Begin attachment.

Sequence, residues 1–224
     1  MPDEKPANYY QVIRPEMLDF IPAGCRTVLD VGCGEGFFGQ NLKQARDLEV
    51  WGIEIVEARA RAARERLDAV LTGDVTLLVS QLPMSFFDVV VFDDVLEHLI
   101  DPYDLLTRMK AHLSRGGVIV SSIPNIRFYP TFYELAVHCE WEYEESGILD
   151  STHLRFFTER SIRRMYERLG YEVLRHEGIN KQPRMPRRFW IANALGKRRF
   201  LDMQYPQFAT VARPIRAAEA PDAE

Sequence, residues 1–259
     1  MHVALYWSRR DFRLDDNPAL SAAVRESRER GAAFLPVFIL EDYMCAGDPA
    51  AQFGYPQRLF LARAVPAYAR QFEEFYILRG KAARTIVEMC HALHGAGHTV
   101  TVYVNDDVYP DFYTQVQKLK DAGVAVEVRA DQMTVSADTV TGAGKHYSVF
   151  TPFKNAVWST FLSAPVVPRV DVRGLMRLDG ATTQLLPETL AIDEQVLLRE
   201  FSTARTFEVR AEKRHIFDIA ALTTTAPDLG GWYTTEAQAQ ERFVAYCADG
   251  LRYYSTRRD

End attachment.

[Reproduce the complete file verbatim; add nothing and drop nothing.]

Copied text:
Sequence, residues 1–224
     1  MPDEKPANYY QVIRPEMLDF IPAGCRTVLD VGCGEGFFGQ NLKQARDLEV
    51  WGIEIVEARA RAARERLDAV LTGDVTLLVS QLPMSFFDVV VFDDVLEHLI
   101  DPYDLLTRMK AHLSRGGVIV SSIPNIRFYP TFYELAVHCE WEYEESGILD
   151  STHLRFFTER SIRRMYERLG YEVLRHEGIN KQPRMPRRFW IANALGKRRF
   201  LDMQYPQFAT VARPIRAAEA PDAE

Sequence, residues 1–259
     1  MHVALYWSRR DFRLDDNPAL SAAVRESRER GAAFLPVFIL EDYMCAGDPA
    51  AQFGYPQRLF LARAVPAYAR QFEEFYILRG KAARTIVEMC HALHGAGHTV
   101  TVYVNDDVYP DFYTQVQKLK DAGVAVEVRA DQMTVSADTV TGAGKHYSVF
   151  TPFKNAVWST FLSAPVVPRV DVRGLMRLDG ATTQLLPETL AIDEQVLLRE
   201  FSTARTFEVR AEKRHIFDIA ALTTTAPDLG GWYTTEAQAQ ERFVAYCADG
   251  LRYYSTRRD